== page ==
Using a Love of Music to Break Through Dementia

Tue, March 24, 2020

woman in red top smiles with head tiltedDementia has deprived Tiina Mills of many of her memories and she is often confused. That changed for an instant one day in February when a YAI caregiver turned on her iPad to play the music of opera singer Luciano Pavarotti, beloved by Mills for most of her life.

“It was really like someone turned on the light after a long darkness,” says Tracy Behling, Senior Regional Supervisor for YAI Hudson Valley. “She started to cry, but kept saying: ‘These are tears of joy. I’m crying from happiness.’”

Behling says that although Mills remains cheerful, she doesn’t really know where she is or recognize people. For the first time in a long time, she says, Mills recognized something familiar to her when she heard the music.

Witnessing Mills’ transformation touched Behling so much that she posted her thoughts about it on Facebook, saying she wanted to share a story of hope.

“Every day amazing things happen” at YAI,” she wrote. “But this was something above and beyond that created a moment I will never forget.”

Mills was born with Down syndrome, which significantly increased her risk of developing dementia as she got older. According to the National Institute on Aging, people with Down syndrome have a dramatically increased risk of developing Alzheimer's disease by age 40 compared to the general population.

YAI has supported Mills for more than 30 years and in December moved her to its Spencer Drive residence in New Rochelle so she could receive one-on-one care in a barrier-free facility as her dementia advanced and her mobility declined.

YAI has supported Mills for more than 30 years and in December moved her to its Spencer Drive residence in New Rochelle so she could receive one-on-one care in a barrier-free facility as her dementia advanced and her mobility declined.

Spencer Drive Supervisor Lauren McFarland learned about Mills’ love of opera by reading her life story, a tool that YAI staff encourages its aging residents to compose so staff can know and serve them better. Included in Mills’ story was how her mother, a singer and music lover, introduced Mills to opera at a young age.

On the day that McFarland decided to play Pavarotti, Mills was asking to go home and to see her mother, who passed away a few years ago.

 

“When the music came on, she was home,” says McFarland. “She instantly fell into a comfort zone.”

Behling, whose own mother worked at the Metropolitan Opera House in New York City, says she has had many conversations about opera with Mills over the 18 years she has known her.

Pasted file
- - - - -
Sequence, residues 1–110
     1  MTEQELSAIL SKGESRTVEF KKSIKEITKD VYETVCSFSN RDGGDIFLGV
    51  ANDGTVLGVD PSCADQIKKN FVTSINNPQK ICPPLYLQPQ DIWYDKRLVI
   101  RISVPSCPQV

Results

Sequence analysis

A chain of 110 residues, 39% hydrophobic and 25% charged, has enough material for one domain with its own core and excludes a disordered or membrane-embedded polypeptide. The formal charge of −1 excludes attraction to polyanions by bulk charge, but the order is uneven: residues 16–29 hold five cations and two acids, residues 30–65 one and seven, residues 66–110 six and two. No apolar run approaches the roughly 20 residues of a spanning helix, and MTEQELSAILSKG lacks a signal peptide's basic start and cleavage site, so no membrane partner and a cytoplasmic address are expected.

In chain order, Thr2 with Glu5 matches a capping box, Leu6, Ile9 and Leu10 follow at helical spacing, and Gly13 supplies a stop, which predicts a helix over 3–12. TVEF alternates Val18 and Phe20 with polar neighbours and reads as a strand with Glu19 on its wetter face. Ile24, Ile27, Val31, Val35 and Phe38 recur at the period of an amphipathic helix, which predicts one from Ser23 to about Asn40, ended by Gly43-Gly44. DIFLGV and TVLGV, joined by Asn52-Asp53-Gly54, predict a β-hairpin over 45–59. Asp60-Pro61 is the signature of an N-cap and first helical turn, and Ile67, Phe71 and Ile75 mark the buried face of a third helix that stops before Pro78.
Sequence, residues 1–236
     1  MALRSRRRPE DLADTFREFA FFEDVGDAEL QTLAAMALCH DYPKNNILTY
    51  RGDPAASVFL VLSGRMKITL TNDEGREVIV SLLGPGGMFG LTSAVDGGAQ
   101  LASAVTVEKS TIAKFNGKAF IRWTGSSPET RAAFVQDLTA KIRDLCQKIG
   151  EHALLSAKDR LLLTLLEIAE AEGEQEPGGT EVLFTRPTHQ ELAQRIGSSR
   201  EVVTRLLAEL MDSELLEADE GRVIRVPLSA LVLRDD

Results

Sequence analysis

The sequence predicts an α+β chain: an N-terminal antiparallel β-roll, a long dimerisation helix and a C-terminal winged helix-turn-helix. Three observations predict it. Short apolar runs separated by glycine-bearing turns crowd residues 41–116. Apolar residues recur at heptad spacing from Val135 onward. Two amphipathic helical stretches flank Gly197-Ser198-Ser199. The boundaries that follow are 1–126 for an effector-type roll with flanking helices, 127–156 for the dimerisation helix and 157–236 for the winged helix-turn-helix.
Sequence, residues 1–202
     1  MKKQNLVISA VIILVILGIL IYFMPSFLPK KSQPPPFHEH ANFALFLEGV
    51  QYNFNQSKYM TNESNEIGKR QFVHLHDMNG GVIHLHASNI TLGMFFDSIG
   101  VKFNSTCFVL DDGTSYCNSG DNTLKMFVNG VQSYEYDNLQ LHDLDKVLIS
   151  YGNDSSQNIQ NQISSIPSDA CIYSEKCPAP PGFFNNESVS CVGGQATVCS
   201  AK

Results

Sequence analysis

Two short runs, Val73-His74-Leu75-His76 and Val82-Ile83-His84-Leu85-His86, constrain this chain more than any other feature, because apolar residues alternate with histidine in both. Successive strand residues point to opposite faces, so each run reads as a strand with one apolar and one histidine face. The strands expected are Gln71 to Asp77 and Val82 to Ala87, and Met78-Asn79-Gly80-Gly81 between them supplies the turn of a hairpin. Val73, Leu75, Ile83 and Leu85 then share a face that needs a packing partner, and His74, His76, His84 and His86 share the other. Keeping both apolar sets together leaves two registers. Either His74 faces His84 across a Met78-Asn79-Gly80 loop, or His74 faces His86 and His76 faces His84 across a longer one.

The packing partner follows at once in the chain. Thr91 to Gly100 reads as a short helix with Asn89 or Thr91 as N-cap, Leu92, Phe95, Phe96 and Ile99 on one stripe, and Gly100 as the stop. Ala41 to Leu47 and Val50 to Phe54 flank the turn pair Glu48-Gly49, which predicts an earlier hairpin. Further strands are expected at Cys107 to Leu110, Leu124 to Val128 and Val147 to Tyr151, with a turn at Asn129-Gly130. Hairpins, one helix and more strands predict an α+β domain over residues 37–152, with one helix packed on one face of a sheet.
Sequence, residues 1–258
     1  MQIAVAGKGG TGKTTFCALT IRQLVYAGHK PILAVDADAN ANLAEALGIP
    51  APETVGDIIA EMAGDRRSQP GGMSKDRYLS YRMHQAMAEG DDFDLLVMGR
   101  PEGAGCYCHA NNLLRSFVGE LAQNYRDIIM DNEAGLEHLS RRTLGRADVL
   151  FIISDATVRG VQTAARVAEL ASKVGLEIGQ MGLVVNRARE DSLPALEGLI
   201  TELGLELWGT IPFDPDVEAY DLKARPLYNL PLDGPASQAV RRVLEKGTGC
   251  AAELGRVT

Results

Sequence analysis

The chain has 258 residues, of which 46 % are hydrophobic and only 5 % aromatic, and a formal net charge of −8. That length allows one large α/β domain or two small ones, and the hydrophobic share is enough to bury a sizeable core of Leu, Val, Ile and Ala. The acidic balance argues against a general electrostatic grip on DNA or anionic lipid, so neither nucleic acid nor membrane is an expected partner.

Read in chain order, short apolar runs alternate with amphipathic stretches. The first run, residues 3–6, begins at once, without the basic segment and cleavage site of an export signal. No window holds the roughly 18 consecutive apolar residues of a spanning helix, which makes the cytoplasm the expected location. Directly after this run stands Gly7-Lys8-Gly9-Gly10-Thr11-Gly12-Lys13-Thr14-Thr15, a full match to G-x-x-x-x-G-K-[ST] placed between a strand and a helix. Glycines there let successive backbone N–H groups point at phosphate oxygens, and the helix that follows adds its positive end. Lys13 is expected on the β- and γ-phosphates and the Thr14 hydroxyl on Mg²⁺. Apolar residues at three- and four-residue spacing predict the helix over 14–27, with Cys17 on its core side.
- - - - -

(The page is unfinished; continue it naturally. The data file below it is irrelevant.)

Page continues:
“I was just so emotional watching her because she seemed so connected and alive in that moment,” says Behling. “She recognized the music. She absolutely knew it was Pavarotti.”

That makes sense to YAI Behavioral Intervention Specialist Judith Bailey-Hung, who says music is one of the last aspects of memory to fade. In fact, research from the Mayo Clinic suggests that music can provide emotional and behavioral benefits for people with dementia.

Bailey-Hung says she met Mills nearly 20 years ago and came to know her as an independent, determined woman who knew what she wanted and was a strong advocate for herself.

“Tiina taught me so much about the importance of relationships, respect and listening to the people we support,” she says.

In 2014, Bailey-Hung wrote an outcome for Mills that began the process of documenting her life story, taking advantage of Mills’ love of writing and taking photographs. As Mills’ memories started to fade, YAI staff initiated an outcome for her using GreyMatters  —  an interactive life storybook app that helps trigger a dementia patient’s recall through the uploading of photos and subsequent recording of associated memories.

Before Mills moved late last year, Bailey-Hung shared Mills’ stories with the staff at the Spencer Drive residence so they would know who she was and what was important to her — including her passion for Pavarotti and folk singer Pete Seeger.

Bailey-Hung says Mills’ reaction to hearing her most cherished music demonstrates the benefits of life stories and the one-page descriptions YAI uses for people it supports throughout all programs.  

“This is why we do what we do and why those tools can make all the difference,” she says.